Frederick Monsen – Talimka and Yalatza, Sisters Pueblo of Hano (c1890)

The three girls standing on the sand were from Acoma, New Mexico. Monsen labeled the photograph as follows: “Acoma, New Mexico. A pueblo of the Keresan family of Indians situated on a rock mesa 357 high about 60 miles west of the Rio Grande river. At the time the picture was made (1887) the young girls were often seen naked, in fact very little clothing was worn by any of the Acomas.” Most of Monsen’s photos are labeled with only a few words describing what was photographed and where. A few have more comments, but even those do not usually have dates. This is one of the few Monsen photos that can definitely be attributed to a particular year. The year, 1887, was early in Monsen’s Indian photography experience.

Frederick Monsen – Three Young Acoma Indian Girls Standing Together on the Sand (1887)

Early in the twentieth century, the book With Kodak in the Land of the Navajo was written and illustrated by Frederick Monsen, and published by the Eastman Kodak Company. The book can be considered an advertisement for Kodak. Monsen writes of the difficulties in using the old tripod mounted cameras with fragile glass negatives. Long exposure times required unnatural poses. Indians who had never seen a camera were intimidated by what appeared to them to be some kind of weapon. Monsen wrote, ” It was early in my experience that I realized how utterly all photographs failed to show the Indian as he really was. … because it was impossible to make anything else with the photographic apparatus of that day.” Then Monsen started using small Kodak cameras and he was able to take much better pictures, in his estimation. You can compare the photo of the three Acoma girls taken in 1887 with the photos of Mojave children, taken circa 1911, and see if you agree.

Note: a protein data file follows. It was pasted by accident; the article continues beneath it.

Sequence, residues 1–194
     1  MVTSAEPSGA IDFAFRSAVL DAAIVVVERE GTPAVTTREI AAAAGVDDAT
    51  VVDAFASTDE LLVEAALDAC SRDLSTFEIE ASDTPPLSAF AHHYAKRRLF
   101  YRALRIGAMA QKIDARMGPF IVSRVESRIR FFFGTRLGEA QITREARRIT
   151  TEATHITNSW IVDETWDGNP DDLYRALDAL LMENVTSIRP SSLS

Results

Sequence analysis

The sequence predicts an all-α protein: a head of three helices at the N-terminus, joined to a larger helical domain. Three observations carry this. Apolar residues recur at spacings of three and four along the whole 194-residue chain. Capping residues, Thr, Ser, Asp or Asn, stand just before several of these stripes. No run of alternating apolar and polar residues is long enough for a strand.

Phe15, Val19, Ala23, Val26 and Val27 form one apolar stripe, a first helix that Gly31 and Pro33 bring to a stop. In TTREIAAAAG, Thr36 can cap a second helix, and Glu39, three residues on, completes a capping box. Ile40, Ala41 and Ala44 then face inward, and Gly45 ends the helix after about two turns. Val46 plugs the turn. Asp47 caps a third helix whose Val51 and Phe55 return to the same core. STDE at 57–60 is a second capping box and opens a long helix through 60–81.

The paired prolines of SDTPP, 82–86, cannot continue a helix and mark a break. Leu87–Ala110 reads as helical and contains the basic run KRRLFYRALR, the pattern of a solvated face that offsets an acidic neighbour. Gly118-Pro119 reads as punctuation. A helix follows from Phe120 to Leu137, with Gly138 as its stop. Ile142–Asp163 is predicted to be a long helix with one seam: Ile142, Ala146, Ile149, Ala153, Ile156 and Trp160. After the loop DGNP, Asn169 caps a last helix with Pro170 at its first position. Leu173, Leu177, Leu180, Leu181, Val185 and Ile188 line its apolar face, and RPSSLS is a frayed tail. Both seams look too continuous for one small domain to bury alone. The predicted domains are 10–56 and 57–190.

The next three photos are of girls of the New Mexico Pueblo tribes.

Frederick Monsen – Acoma Children at Home (c1887)

Frederick Monsen – The Daughter of the Governor of Isleta (c1900)

Frederick Monsen – Young girls of Isleta Indian Pueblo (c1900)

The next two photos are of girls of the Navajo and Zuni tribes. It’s amazing that Yanaba could have the skill to weave rugs at only five years of age.

Frederick Monsen – Yanaba, Five-Year-Old Navajo Blanket Weaver (c1900)

Frederick Monsen – Zuni Girl Mothering Little Sister (c1900)